To make up for his lack of a pickoff move, the left-handed Lester is devilishly quick to home plate, and on this play he was no different: He took 1.06 seconds to deliver the ball, about 6 percent faster than average. And to make things even better, he delivered a 91-mph fastball off the outside corner to the right-handed Napoli.
It was the perfect pitch for Ross to throw on. By now, Ross is used to these situations. He is Lester’s personal catcher, a 39-year-old starting his final game in the major leagues before retirement. He understands Lester’s limitations and accordingly foists on himself greater expectations. He was frustrated during Game 1 when he tried a whip-crack transfer and lost it, allowing the runner to steal second. It was Francisco Lindor, and he later scored.
When Ross popped out of his crouch to throw, it wasn’t his arm strength – 79.4 mph, almost exactly average – that would allow him to cut down Lindor. It was his hands. The ball went from glove to fingers in 0.59 seconds. The average time on a caught stealing is 0.73. If anyone ever says David Ross is a magician, that person isn’t lying.
“I’m not gonna toot my own horn … but I’m pretty good,” Ross said. “I’m not bad.”
From the moment the ball hit Ross’ glove to the instant it popped in Baez’s took 1.92 seconds. And Baez’s tag, like so many he has swiped this postseason, was perfect, like his left hand was magnetically attracted to the left flank of a headfirst-diving Lindor. The two are countrymen, faces of the Puerto Rican baseball resurrection this postseason. Lindor is the king of steady, a ballplayer’s ballplayer, good at everything, great at almost as much. Baez is a rocket ship. Sometimes he runs out of fuel, but when he blasts off, is it ever glorious.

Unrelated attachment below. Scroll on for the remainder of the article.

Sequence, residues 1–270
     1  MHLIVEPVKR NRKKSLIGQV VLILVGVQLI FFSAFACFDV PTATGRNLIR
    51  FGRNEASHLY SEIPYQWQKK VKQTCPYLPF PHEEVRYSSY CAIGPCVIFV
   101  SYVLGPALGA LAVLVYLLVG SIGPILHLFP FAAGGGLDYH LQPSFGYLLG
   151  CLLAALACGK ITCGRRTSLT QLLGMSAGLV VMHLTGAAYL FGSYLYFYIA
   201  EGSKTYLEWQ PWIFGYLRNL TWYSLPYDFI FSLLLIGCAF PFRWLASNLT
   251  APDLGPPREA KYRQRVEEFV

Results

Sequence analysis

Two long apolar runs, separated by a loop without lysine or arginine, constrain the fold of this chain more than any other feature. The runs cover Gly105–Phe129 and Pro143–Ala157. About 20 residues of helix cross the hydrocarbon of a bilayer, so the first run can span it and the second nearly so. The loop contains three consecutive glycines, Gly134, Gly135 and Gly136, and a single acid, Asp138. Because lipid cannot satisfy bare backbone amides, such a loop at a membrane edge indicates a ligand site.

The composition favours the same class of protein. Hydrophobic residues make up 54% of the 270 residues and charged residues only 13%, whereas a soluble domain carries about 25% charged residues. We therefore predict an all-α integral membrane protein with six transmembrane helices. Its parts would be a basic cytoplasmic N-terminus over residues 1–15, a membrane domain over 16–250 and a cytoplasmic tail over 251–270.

The tag was worthy of Cape Canaveral. Ross’ throw was about two feet off-line toward right field and a bit short of the base. Baez leapt into a slide – left leg tucked, right extended – and readied his glove to grab the ball and paint it on Lindor. Baez is a natural left-hander. He writes lefty, eats lefty. He even can swing lefty. He was taught years ago to get to second early and time his glove so it never stops moving, instead of the typical practice of catching the ball, then applying the tag. It’s like Ross’ transfer, only with the hand-eye coordination of someone about half his age.
“It happens a lot that I miss the ball,” Baez said, “but I save a lot of runs and a lot of steals.”
This was one of them, maybe the biggest of all. The Cubs were down three games to one in the series, a deficit from which no team had recovered since 1985, but they weren’t beaten. This wasn’t a team folding. This was the Cubs defying even what the Cubs’ manager said before the series began. When asked how to control the running game, Joe Maddon brought up two names – Davis and Lindor – and said about them that essentially, you don’t, try as you might.
The Cubs tried, and they did. And of all people to thank as he led the crowd of 41,711 in “Take Me Out to the Ballgame,” Pearl Jam singer Eddie Vedder chose David Ross. And with Baez mired in a deep World Series slump at the plate, he did plenty of good with a tag. And Lester, even as the Indians had cut their deficit in half, as Lindor threatened to turn the sixth into a repeat of Game 1, did his part.
“That’s a pretty good combination,” said Cubs quality assurance coach Henry Blanco, himself a former catcher. “We know our pitcher has trouble throwing to first base, but when you’ve got a catcher who can throw like that and a guy at second base who can tag as good as anybody else, what more can you ask for? Everybody else is talking about the pitching, all that. I think that was the key to the game right there.”
In spring training this year, and throughout the season, Jones reminds the Cubs something he learned a long time ago: “You can’t outrun the baseball,” he says, and what he means is no matter how fast a player is, he’s going to be out most of the time on a routine ground ball or a well-executed caught-stealing attempt. Francisco Lindor tried to outrun the baseball on Sunday night because he was told he could. He just didn’t know perfection was about to get in his way.